Until recently in Rwanda, rice farmers in Rwanda were forced to pay high and unequal taxes for land use. The tax rate was determined by the district councils and varied per district. UCORIBU, a union of rice cooperatives and a client of Agriterra, was concerned about this inconsistent and sometimes astronomical tax in the three districts where the union operates.
In May 2019, UCORIBU was trained by Agriterra in the FACT methodology. FACT (Farmers Advocacy and Consultation Tool) is a method for defining and systematising the interests of farmers and translating them into concrete policy propositions to be presented to and negotiated with policymakers; for example, in the areas of pricing, tax legislation and land management.
The average annual land tax rate went down from 60 to 4 Euro per hectare.
The tax for the land use by the rice farmers in the three districts where UCORIBU is active ranged from about 40 Euro in one district to about 120 Euro in another. By conducting a survey amongst its members, UCORIBU was able to quickly define the problem and put the theory of FACT to use in the practical setting. Initially, the union lobbied especially for its own 13,000 members that produced rice on a total of 3,000 hectares. However, the land tax issue would turn out to actually be a nation-wide concern for all farmers that produced rice on government land (an estimated 14,000 hectares).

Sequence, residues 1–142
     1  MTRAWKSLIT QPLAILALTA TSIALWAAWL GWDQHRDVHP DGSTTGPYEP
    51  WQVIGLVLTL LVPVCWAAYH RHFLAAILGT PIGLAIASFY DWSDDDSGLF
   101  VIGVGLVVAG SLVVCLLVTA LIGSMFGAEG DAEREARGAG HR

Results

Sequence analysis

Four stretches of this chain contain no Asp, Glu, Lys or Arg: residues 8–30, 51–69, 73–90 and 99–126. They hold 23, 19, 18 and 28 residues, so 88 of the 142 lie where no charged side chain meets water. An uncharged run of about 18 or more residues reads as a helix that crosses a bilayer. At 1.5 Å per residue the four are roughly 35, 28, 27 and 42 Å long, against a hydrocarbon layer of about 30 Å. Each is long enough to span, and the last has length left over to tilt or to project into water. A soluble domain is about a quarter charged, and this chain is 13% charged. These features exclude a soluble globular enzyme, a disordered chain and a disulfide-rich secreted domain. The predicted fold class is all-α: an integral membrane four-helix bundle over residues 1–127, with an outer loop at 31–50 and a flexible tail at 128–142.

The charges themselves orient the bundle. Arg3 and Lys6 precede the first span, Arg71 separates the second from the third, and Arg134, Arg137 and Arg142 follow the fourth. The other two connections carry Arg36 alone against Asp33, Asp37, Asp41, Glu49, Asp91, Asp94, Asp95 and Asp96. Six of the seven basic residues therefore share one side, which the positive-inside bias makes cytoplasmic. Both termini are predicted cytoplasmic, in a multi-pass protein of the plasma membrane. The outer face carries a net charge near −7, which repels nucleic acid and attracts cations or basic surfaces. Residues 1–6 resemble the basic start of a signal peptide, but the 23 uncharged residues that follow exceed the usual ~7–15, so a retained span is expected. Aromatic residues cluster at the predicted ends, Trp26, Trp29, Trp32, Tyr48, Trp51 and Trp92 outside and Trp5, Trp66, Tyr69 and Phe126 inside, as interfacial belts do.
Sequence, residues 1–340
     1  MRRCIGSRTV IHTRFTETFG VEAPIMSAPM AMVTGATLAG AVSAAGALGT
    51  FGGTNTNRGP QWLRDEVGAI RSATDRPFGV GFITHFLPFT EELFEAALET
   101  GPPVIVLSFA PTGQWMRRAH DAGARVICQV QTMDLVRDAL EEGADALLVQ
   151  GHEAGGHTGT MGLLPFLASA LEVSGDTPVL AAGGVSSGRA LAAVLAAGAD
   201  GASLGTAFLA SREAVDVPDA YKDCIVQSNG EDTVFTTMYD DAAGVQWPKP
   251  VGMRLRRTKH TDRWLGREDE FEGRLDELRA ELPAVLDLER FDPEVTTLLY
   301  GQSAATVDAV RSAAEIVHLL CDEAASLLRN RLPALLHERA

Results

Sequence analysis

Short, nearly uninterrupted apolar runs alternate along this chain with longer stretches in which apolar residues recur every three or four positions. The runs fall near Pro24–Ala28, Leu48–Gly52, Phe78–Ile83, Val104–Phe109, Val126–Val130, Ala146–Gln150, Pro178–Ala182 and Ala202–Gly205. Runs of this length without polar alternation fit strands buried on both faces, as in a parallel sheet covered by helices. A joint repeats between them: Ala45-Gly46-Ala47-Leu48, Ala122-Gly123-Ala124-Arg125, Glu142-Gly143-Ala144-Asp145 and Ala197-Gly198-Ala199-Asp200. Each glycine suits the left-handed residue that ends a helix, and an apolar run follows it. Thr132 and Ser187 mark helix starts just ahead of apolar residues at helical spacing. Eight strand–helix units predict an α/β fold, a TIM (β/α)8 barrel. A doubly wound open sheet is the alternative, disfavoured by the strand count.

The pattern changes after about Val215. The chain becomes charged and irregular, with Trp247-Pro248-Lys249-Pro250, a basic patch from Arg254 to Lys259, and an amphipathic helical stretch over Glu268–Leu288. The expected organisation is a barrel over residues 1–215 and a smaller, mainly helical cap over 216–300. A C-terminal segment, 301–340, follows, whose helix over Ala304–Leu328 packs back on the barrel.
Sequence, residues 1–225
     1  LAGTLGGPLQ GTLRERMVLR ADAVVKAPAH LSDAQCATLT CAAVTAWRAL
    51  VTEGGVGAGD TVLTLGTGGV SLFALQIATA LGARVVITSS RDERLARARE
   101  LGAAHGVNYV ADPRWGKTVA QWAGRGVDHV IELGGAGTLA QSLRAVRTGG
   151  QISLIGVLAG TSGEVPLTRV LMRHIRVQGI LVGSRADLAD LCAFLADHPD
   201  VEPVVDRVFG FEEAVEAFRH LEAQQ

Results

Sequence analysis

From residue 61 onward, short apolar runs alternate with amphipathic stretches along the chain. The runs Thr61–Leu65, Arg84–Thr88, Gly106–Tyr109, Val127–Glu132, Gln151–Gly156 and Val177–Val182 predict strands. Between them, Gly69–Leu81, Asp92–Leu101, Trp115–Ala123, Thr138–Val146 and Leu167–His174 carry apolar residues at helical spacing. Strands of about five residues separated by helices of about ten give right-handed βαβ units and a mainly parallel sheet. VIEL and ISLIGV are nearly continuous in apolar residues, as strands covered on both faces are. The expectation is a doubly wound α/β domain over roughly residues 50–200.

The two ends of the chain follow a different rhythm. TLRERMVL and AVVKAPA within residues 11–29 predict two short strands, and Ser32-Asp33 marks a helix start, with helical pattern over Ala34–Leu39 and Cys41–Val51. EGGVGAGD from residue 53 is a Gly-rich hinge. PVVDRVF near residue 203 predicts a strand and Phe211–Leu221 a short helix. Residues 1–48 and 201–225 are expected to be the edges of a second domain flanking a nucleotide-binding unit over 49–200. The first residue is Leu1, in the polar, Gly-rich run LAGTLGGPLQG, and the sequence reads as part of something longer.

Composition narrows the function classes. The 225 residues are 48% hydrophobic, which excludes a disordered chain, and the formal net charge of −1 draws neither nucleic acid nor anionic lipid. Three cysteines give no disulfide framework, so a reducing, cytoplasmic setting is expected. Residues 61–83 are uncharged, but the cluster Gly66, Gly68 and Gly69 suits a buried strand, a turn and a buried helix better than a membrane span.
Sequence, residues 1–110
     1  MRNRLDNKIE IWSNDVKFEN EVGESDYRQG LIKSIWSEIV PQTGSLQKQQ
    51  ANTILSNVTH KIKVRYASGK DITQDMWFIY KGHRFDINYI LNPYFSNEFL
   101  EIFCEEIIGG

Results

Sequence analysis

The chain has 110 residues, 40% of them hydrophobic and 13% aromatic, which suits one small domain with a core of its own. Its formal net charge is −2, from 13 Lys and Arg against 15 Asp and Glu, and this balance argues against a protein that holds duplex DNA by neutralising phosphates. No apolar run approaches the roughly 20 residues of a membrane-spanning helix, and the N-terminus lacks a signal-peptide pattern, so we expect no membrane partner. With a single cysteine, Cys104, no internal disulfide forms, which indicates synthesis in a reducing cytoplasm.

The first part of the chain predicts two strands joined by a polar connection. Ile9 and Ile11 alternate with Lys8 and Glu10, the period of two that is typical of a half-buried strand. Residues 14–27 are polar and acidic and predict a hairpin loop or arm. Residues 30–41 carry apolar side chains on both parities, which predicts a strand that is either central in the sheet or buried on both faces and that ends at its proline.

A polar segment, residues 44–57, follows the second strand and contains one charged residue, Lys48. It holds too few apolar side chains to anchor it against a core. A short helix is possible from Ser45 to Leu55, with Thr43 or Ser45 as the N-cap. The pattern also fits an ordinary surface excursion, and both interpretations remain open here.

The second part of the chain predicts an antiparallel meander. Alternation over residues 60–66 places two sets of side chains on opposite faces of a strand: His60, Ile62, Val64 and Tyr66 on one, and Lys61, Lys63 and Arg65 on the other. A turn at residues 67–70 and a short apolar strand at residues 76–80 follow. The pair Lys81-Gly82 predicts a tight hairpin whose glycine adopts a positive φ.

UCORIBU presented the tax issue to the district officials at the head office in Gisagara, but it turned out to be outside of the scope of the district. UCORIBU then approached the national rice farmers’ federation in Rwanda, who agreed to help them bring the issue to a higher level.
The federation discussed the point with all ministries concerned with the rice sector, including the Ministry of Agriculture and the Ministry of Trade and Industry – unfortunately, to no avail. The issue was then raised during the ‘National Government Retreat’ interdepartmental meeting. The president of Rwanda, who also chaired the meeting, asked the prime minister to bring together all concerned parties to expediently resolve the problem.
A few days later, the prime minister delegated a special team to study the laws and government regulations relating to the land tax.
They would discover that a presidential order actually existed that stated that such a tax may not be higher than 4 Euro. It was then subsequently decided to adopt that amount on a nation-wide level, with that rate applying to all districts. Where the average annual tax rate used to be 60 Euro per hectare, it is now only 4 Euro. UCORIBU’s members, representing 3,000 hectares in total, are saving approximately 168,000 Euro this year thanks to the decision to restore the original tax rate.
Assessing the impact at the national level: the restored tax rate will save Rwandan rice farmers about 784,000 Euro per year. This demonstrates the power and impact of a good lobby!